A key characteristic of the Star Street neighbourhood in Wan Chai, Hong Kong, is its human scale, with low building heights and small footprints.

HONG KONGThe Star Street neighbourhood in Wan Chai, Hong Kong, is an area full of heritage and historic buildings. It offers a fusion environment where cuisines from America, Vietnam, Italy, and Japan can be found mixed among shops selling everything from Hong Kong housewares to French fashions. However, the charming blocks sit apart from Hong Kong’s busy streets and the offices of Pacific Place, and can seem inaccessible and confusing to visitors due to dead-end streets.

Developer Swire Properties is considering how to improve accessibility and pedestrian flows to the area. That opportunity gave rise to a new real estate development case competition for young professionals. Last September, the ULI Hong Kong Young Leaders Group (YLG) launched the competition with a set task of coming up with ways to redevelop and rejuvenate the Star Street precinct. Participants were challenged to create designs that address issues of accessibility and cultural preservation while maintaining financial viability.

Eighteen teams submitted entries. After an initial selection round, six teams advanced to the second stage, and winning entries were announced in January.

Winner: “A Slice of Hong Kong”
A multidisciplinary team composed of Dion Huey from Plateau Asset Management, Geraldine Li of P&T Architects and Engineers, and Jasper Hilkhuijsen and Wing Ki Lee from Arup took first place. Their proposal features a detailed design that retains the site’s historic buildings while incorporating design elements featuring new structures that would create a fluid dynamic between old and new. To increase pedestrian flow, a walkable passage is introduced to connect Moon Street to Star Street, and the plan includes shared spaces and recreational areas for the community.

Second Place: “Constellation”
Runners-up were Fay Fang, Jimmy Chan, Lily French, and Rozana Lee, all from Swire Properties, whose submission includes an ambitious plan to achieve a quadruple-­bottom-line result, transforming the Sun Street and Moon Street areas into outdoor pedestrianised zones and open public spaces. Their plan features three key elements:

  • The Astra, which would be a mix of residential flats and a boutique hotel;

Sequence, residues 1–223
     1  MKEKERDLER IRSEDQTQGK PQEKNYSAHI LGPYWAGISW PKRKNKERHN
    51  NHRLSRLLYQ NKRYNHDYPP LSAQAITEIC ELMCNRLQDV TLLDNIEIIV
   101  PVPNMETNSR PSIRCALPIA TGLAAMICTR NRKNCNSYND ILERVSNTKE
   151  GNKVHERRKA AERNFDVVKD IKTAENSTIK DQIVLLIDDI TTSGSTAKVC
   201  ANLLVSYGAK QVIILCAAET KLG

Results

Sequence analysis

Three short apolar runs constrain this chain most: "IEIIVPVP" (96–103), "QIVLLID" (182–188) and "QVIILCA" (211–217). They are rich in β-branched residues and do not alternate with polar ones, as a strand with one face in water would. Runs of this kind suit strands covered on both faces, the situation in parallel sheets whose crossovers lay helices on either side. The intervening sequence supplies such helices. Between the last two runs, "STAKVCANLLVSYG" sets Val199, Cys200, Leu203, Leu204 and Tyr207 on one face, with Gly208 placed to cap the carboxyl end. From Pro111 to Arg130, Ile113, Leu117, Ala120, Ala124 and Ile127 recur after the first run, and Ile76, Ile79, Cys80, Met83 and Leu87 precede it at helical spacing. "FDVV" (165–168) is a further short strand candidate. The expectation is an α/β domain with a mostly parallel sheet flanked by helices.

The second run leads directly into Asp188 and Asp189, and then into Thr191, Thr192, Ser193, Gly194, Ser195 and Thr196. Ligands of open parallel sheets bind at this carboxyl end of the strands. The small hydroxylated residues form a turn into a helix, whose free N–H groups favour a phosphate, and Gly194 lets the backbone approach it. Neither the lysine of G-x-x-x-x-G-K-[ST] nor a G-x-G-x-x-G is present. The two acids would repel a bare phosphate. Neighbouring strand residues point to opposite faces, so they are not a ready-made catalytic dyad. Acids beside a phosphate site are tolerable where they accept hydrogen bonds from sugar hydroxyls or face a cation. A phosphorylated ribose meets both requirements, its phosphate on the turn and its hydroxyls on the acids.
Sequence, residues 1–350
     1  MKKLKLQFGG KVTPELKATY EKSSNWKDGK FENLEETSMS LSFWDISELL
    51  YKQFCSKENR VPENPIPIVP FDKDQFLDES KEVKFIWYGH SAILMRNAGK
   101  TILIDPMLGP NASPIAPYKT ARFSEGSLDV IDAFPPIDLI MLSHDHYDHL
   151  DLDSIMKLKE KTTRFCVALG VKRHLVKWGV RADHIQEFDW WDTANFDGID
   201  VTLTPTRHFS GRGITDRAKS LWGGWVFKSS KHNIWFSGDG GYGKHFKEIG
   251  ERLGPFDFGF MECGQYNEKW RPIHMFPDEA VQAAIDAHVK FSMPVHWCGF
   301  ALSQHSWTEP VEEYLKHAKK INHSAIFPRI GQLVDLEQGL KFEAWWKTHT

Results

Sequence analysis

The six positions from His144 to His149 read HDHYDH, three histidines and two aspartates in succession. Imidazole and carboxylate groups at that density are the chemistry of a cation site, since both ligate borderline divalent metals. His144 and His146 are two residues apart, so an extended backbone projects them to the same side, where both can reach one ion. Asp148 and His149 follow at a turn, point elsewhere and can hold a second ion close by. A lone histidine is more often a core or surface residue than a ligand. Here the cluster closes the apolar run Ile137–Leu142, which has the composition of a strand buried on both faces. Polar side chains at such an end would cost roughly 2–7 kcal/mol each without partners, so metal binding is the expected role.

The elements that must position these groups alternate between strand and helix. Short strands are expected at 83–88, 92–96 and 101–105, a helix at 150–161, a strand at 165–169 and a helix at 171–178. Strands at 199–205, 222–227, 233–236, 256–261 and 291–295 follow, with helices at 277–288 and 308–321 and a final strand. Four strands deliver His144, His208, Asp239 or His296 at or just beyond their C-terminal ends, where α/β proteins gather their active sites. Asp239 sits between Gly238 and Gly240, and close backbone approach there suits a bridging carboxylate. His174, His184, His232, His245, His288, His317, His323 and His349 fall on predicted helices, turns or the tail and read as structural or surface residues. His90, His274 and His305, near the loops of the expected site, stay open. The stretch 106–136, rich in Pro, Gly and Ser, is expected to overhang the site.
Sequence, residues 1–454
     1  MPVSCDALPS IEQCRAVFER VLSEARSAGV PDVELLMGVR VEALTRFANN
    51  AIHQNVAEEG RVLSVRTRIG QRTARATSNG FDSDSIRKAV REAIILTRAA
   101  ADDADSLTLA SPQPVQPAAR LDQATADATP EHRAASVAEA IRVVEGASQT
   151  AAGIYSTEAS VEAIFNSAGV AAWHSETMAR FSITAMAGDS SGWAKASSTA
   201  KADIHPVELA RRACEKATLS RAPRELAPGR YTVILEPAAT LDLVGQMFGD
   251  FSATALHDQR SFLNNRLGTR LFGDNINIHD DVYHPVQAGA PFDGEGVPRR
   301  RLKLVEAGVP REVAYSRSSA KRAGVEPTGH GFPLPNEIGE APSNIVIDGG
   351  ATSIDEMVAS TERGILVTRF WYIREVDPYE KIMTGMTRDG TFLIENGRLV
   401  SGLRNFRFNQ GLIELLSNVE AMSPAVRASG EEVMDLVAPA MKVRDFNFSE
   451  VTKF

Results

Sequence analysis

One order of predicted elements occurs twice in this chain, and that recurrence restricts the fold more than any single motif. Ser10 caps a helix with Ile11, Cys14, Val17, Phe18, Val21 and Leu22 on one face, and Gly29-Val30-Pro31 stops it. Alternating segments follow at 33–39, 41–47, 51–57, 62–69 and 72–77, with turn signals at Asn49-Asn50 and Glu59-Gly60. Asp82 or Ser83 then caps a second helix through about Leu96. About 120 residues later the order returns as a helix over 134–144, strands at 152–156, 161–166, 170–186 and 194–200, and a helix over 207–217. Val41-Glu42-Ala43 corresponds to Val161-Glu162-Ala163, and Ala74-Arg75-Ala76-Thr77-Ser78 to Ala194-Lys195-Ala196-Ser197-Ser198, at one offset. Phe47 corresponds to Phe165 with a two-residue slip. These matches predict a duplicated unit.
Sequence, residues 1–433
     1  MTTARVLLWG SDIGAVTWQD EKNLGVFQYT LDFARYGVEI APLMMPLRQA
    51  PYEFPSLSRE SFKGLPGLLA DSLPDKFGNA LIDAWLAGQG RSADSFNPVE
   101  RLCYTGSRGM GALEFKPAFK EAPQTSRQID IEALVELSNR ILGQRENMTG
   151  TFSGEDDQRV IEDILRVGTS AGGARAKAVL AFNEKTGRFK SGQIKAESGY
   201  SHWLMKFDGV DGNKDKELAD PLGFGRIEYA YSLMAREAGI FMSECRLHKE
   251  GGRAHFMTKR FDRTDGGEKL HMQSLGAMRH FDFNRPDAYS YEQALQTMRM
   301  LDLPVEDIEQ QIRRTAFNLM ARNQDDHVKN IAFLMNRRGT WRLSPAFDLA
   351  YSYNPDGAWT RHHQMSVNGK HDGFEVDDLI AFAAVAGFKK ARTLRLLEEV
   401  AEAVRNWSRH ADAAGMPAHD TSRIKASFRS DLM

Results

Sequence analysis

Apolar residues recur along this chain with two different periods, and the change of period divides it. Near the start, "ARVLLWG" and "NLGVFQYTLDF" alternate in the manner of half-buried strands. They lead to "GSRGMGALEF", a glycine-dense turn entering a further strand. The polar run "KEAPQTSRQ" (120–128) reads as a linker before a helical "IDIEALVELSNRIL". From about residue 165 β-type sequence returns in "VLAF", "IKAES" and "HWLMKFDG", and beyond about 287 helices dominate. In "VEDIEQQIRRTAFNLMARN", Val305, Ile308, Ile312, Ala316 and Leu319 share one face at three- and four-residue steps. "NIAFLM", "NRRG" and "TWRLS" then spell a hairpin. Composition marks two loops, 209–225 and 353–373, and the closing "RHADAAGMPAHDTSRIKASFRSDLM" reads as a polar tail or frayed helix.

• The Helios, which is a residential-only spiralling tower with a one-unit-per-floor design; and
  • A sky bridge connecting Wing Fung Street, Sun Street, and Three Pacific Place.

Honourable Mention: “Livall Glowork”
Honourable mention went to Ng Si Ieong, Yang Yuling, and Zhang Xiangyu, students at the University of Hong Kong. Their inspiration was a focus on creating public value rather than adopting the traditional model of maximising development space. The proposal features an enhanced Star Street neighbourhood based on Swire’s sustainability ambition of people, place, environment, economy, and partnership.

The winning team received a cash prize of HK$30,000 (US$3,800), and both the winning and second-place teams have an opportunity to present their designs to senior industry leaders at the 2018 ULI Asia Pacific Summit in June. The judging panel included Nicholas Brooke, chairman, Professional Property Services Limited; Tim Blackburn, chief executive officer, Mainland China, Swire Properties Limited; Mabelle Ma, director, development and valuations, Swire Properties Limited; Sujata Govada, founder and managing director, UDP International; Phil Kim, managing director, Asia Pacific, Jerde Partnership; and Will Myles, regional managing director, Asia Pacific, Royal Institution of Chartered Surveyors.

ULI Hong Kong YLG committee volunteers included Douglas Wu, executive director, Fairland Holdings; Karie Kwan, head of research operations, CBRE Asia Pacific; Dennis Ly, deputy managing director, Chiaphua Limited; and Kelly Mai, marketing manager, HEAD Architecture and Design Limited.

The committee welcomes suggestions for development sites for this year’s competition. Contact uli_HongKong@uli.org.

This article appeared on page 48 of the Asia Pacific Issue of Urban Land, Spring 2018.